If you have already scrolled down to the bottom of the page to see what rating I have given Jumanji: Welcome To The Jungle, you might be approaching this review with scepticism. Four stars? Really? For an unnecessary remake of a film that was never critically loved in the first place?

I was surprised too.

Jumanji takes place twenty years after the original. Four high-school kids find themselves in detention, where they are assigned the task of cleaning out the basement. There they discover a retro videogame console, and intrigued, plug it in. They get sucked into the jungle world of Jumanji, where they inhabit different bodies (those of Dwayne Johnson, Kevin Hart, Jack Black and Karen Gillan). Bemused by their strange situation, they soon learn something terrifying; only beating the game will allow them to return home.

The first thing to say about Jumanji is that it is really, really funny. Director Jake Kasdan and the four credited writers prioritise humour over action, and that’s a wise decision. The leads have a wonderful, sparky chemistry. As many of the laughs come from them bantering as they do from the grand set pieces, like Kevin Hart’s death by exploding cake (don’t worry, as per videogame tradition, they all have three lives), or Karen Gillan’s extravagant dance-fight number.

Jumanji works as well as it does thanks to the terrific cast, both the top-liners and the one-scene wonders. Rhys Darby pops up in a role that is solidly Rhys Darby; much like the rest of the movie, his cameo is nothing new, but it’ll make you smile. Bobby Cannavale adds genuine threat to a villain that is, by necessity (he’s a videogame character, not a person) underwritten. Colin Hanks provides a well-earned emotional pay off.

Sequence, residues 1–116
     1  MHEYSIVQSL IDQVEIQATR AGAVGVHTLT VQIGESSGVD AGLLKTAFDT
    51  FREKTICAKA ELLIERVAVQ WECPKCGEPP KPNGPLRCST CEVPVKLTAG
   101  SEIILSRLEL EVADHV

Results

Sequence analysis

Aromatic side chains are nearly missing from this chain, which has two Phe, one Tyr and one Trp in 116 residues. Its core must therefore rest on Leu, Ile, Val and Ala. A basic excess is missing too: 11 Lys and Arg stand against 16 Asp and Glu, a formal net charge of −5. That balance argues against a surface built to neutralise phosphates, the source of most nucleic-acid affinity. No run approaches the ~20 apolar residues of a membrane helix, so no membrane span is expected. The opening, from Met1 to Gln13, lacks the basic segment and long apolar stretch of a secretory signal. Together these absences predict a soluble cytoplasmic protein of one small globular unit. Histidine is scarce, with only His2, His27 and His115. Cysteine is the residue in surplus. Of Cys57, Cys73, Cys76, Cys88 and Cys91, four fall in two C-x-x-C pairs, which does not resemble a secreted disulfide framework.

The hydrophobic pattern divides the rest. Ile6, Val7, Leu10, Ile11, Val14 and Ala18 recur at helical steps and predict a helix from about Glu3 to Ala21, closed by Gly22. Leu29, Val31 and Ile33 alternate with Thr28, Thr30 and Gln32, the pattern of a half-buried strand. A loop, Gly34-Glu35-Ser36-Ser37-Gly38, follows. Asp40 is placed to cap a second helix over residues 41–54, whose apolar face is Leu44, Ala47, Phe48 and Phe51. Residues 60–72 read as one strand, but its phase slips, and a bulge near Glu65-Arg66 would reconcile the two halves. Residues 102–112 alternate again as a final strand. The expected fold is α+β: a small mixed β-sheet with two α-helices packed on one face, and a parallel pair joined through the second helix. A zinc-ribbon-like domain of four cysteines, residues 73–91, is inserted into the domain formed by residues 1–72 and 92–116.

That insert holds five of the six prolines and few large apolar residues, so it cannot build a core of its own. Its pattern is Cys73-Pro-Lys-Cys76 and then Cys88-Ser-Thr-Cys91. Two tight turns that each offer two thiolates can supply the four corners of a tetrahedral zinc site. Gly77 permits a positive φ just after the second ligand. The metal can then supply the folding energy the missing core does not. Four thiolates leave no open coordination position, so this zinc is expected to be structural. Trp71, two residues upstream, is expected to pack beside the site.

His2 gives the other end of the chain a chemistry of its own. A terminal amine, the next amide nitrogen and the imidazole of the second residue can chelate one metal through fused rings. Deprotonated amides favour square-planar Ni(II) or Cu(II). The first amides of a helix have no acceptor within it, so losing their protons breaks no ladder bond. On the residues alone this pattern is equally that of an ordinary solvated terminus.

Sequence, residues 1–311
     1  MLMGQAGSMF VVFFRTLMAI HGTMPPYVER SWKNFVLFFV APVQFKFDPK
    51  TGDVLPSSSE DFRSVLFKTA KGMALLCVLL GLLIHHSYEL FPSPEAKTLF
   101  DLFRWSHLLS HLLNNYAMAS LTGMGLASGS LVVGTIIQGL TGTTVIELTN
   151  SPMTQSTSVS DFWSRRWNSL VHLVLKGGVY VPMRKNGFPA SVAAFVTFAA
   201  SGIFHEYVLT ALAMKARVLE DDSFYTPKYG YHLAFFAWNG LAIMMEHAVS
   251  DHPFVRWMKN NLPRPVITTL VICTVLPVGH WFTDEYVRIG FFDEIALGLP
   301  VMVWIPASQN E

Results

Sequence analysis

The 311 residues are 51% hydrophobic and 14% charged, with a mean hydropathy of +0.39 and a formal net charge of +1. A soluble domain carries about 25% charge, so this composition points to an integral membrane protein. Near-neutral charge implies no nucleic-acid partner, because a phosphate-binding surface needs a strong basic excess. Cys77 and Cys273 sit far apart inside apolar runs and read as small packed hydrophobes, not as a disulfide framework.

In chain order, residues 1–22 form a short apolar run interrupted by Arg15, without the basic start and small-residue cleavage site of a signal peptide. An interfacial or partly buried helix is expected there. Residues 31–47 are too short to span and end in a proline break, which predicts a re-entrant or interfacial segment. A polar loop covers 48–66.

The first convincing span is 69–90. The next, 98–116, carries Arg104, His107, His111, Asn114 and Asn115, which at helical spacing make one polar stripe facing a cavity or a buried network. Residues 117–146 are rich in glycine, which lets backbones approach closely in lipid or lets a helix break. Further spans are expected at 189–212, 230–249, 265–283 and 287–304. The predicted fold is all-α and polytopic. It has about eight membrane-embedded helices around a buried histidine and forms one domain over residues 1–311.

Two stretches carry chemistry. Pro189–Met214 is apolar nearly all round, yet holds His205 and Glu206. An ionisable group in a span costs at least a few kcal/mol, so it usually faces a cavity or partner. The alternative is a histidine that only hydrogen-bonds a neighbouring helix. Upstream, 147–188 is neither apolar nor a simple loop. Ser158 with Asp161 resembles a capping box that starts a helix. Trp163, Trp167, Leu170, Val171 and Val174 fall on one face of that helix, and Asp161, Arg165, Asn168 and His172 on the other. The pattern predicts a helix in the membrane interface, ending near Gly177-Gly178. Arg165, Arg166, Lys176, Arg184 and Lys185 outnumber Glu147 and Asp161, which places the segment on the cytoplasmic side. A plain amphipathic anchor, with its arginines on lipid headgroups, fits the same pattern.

A mini furore erupted when the film’s first promotional pictures arrived, and Gillan was wearing a highly-impractical-for-the-jungle crop top, especially as she was surrounded by three fully-clothed men. Well, the movie does mention the unsuitability of her attire, yet it’s hard to get away from the feeling Jumanji is trying to have its cake and eat it too. The fact that this is yet another big studio blockbuster with just one woman amongst a group of men makes this even more uncomfortable.

Ultimately though, Jumanji is so sweet natured that it isn’t hard to forgive a couple of regrettable fumbles. Many of the sweetest moments come from Jack Black, who is playing the avatar of an image-obsessed teenage girl; the bond that forms between Black and Gillan (the avatar of a more bookish girl) is genuinely endearing. Whilst the message of the film isn’t anything new (always be yourself, teamwork makes the dream work etc.), the method of delivery is effective. It hits familiar beats, but it hits them well.

Hilarious, good-natured, and overall better than it had any right to be, Jumanji was the nicest cinematic surprise of 2017. I’m looking forward to the sequel.

★★★★

Jumanji: Welcome To The Jungle is out on Blu-ray and DVD from 30 April 2018

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